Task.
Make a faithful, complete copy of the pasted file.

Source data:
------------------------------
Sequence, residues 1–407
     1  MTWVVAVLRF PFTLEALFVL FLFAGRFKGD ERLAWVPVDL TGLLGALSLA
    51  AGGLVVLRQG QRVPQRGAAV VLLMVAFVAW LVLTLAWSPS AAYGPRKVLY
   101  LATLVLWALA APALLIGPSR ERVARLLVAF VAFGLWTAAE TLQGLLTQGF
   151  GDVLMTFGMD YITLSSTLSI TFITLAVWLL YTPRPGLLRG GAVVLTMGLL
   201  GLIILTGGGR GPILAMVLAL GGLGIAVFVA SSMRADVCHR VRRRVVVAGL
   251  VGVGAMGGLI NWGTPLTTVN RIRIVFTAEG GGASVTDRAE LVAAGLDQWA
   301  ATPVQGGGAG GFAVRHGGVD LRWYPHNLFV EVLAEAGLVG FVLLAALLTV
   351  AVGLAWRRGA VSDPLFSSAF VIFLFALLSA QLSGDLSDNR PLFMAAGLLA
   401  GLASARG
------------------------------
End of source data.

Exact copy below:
Sequence, residues 1–407
     1  MTWVVAVLRF PFTLEALFVL FLFAGRFKGD ERLAWVPVDL TGLLGALSLA
    51  AGGLVVLRQG QRVPQRGAAV VLLMVAFVAW LVLTLAWSPS AAYGPRKVLY
   101  LATLVLWALA APALLIGPSR ERVARLLVAF VAFGLWTAAE TLQGLLTQGF
   151  GDVLMTFGMD YITLSSTLSI TFITLAVWLL YTPRPGLLRG GAVVLTMGLL
   201  GLIILTGGGR GPILAMVLAL GGLGIAVFVA SSMRADVCHR VRRRVVVAGL
   251  VGVGAMGGLI NWGTPLTTVN RIRIVFTAEG GGASVTDRAE LVAAGLDQWA
   301  ATPVQGGGAG GFAVRHGGVD LRWYPHNLFV EVLAEAGLVG FVLLAALLTV
   351  AVGLAWRRGA VSDPLFSSAF VIFLFALLSA QLSGDLSDNR PLFMAAGLLA
   401  GLASARG